I honestly don't know whence this fantastic idea comes. Either Dyer (and a number of his Canadian readers) have completely misunderstood the Evangelical Christian movement (not to mention greatly overestimated their influence), or they have gone off the deep end. Let's see if I can be clear: I know of no person - not a single one - who supports the nation of Israel because it is supposed to be the site of Armageddon, which can (apparently) only occur if certain events take place in a specific order. Not even the people who read the Left Behind Series. Not even the people who WRITE the Left Behind Series.

I have never heard this argument forwarded outside of my Canadian experience. I have never held this position myself, and I never will. My reasons for supporting Israel are completely secular (unless you count my feelings on morality and justice as spiritual), and - here's the kicker - so are those of every American-Evangelical-Christian-NeoCon Israel-booster I have ever met. Believe me, having grown up in the Heart of Texas™, I know a lot of 'em.
Yeats: Foresight

Ah, William Butler Yeats. Ireland's greatest son, indeed. How we miss you, and your incredible foresight:

Turning and turning in the widening gyre
The falcon cannot hear the falconer;
Things fall apart; the centre cannot hold;
Mere anarchy is loosed upon the world,
The blood-dimmed tide is loosed, and everywhere
The ceremony of innocence is drowned;
The best lack all convictions, while the worst
Are full of passionate intensity...
Of course, Yeats saw these events as signs of the world's impending end. And who knows? But I prefer to cling to hope.

[For those of you who are still utterly perplexed by this post - and I realize it's rather obtuse - you might want to read Belmont Club on Steven Den Beste's temporary return, and futher, this comment on the subject. If you're still confused, leave a comment and I'll try to clarify.]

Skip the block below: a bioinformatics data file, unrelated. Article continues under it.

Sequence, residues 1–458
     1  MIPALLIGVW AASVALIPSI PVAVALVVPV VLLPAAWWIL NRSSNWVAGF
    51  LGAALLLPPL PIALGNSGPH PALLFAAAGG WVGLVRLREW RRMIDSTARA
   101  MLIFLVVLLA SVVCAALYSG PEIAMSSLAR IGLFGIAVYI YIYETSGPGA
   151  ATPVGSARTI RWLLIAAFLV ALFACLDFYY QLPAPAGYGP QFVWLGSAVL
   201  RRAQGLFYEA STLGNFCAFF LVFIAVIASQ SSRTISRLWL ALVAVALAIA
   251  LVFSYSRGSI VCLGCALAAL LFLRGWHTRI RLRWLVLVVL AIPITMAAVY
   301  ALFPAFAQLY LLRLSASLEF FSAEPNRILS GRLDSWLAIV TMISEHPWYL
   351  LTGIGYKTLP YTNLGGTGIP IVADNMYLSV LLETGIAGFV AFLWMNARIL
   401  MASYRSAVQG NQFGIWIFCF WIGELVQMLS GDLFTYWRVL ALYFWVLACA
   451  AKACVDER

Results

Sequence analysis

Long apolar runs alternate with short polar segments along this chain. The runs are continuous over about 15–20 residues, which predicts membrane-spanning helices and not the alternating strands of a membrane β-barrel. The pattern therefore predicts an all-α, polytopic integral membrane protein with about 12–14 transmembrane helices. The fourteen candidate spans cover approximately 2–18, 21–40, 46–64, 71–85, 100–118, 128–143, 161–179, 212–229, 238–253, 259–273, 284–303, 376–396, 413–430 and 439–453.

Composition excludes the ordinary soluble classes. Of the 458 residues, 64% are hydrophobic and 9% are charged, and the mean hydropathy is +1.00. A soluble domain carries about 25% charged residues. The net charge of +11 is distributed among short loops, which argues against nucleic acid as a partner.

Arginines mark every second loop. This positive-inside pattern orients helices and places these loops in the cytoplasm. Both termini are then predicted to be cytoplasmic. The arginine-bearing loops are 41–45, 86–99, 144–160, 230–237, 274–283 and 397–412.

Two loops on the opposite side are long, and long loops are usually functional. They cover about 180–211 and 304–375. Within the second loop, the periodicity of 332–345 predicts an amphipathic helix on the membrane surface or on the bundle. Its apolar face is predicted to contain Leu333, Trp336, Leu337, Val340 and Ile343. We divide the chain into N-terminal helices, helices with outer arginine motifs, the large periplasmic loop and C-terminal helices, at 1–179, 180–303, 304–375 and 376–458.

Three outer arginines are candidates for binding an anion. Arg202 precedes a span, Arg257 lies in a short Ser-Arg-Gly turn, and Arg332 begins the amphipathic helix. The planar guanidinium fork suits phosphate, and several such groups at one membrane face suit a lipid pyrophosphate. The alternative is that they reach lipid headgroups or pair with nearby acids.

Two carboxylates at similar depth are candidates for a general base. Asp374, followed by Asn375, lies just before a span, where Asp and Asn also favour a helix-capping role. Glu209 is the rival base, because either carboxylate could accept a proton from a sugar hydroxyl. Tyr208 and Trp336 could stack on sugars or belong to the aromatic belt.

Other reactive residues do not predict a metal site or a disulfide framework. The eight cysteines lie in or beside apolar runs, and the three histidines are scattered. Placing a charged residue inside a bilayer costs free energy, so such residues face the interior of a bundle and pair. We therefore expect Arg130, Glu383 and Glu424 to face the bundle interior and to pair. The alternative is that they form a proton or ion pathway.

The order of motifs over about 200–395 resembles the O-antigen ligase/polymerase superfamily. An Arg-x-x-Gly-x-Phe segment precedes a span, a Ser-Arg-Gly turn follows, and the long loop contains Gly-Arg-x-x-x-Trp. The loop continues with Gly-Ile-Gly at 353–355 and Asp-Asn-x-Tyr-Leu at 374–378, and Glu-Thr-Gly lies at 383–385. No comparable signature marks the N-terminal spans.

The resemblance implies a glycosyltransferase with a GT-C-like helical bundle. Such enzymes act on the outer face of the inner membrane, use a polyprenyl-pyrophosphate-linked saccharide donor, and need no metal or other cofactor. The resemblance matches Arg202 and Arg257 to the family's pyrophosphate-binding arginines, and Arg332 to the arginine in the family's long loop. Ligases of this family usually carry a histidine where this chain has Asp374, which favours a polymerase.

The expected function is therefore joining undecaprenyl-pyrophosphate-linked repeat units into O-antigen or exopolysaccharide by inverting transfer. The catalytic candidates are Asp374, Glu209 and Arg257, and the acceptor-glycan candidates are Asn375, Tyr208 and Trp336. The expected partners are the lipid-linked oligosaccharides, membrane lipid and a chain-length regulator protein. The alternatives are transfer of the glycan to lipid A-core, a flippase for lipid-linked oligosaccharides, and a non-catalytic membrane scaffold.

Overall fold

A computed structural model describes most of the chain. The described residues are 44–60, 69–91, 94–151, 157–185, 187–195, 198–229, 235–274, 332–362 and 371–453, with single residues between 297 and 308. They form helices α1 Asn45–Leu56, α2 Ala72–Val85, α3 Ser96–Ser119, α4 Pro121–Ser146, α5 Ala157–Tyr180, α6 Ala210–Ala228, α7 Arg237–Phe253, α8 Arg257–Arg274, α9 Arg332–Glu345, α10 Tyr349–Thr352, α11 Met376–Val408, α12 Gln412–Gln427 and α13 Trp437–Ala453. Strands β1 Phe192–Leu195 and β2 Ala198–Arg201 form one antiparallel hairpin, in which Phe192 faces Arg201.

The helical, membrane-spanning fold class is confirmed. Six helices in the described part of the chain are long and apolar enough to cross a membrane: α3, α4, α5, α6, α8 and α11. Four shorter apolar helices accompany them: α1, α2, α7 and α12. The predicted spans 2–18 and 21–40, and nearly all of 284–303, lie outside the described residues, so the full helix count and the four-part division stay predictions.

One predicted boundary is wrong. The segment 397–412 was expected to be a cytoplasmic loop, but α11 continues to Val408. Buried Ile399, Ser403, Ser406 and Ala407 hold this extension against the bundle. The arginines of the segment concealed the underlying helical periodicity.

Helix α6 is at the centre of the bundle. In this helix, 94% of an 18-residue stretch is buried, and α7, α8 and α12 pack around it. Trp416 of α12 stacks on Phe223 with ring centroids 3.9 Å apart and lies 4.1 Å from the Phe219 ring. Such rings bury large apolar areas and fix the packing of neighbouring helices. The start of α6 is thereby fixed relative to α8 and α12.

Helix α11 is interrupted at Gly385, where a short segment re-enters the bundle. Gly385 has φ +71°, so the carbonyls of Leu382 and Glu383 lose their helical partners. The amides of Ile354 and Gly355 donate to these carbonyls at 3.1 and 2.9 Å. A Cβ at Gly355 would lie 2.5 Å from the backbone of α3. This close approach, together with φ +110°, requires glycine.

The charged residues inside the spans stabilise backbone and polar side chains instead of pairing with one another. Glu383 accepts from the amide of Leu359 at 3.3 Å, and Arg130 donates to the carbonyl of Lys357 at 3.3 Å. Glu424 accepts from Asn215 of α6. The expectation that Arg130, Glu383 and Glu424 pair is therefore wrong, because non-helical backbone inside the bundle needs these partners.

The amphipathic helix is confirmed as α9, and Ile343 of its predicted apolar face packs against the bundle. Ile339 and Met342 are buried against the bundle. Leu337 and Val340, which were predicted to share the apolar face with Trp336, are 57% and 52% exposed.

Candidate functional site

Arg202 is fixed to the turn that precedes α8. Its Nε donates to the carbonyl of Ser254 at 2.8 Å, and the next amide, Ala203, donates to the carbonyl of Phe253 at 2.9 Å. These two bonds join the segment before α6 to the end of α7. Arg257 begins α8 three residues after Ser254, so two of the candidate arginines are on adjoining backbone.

Saturday, October 16, 2004
This Is Becoming Repetitive

...but I wanted to assure you that my posting schedule will be re-established in short form. I'm sprouting a lot of ideas, and am ready to explore them. First up, the modern relationship between corporations and unions, and how it must change in order to survive (with a special focus on current events in Hamilton).

Further, as I continue to look for employment, I'll need a regular schedule to make sure I'm writing constantly. In keeping with this, look for at least three posts a day, beginning on Monday, in addition to whatever I write about in my 1000 words per day.

I may be burned-out on politics, but I'm starting to get excited about writing again. So stay tuned, gentle reader...it's about to get a lot wordier.

(And special note to Jason: I'm not looking to retake my established place as primary 'researcher,' but at least you'll be able to get inside my head again...)

Thursday, October 14, 2004

And the article is done.

Now I just have to write a cover letter, make three copies and craft them each to a specific recipient, submit each copy, converse with the editorial staff, discuss the intricacies of...yeah, lotsa work left. But the hard part is over - writing and self-editing. Now the waiting begins.

Coming Soon: a more frequent posting schedule, and a new website.

Wednesday, October 06, 2004
Critics Take Note

If you're going to criticize President Bush, and want those of us who support the President to continue to listen to you, do it like this.

A webjournal of ideas, comments, and various other miscellany from a Texan university student (with occasional input from his family) living in Toronto, Ontario. Can you say "culture shock?"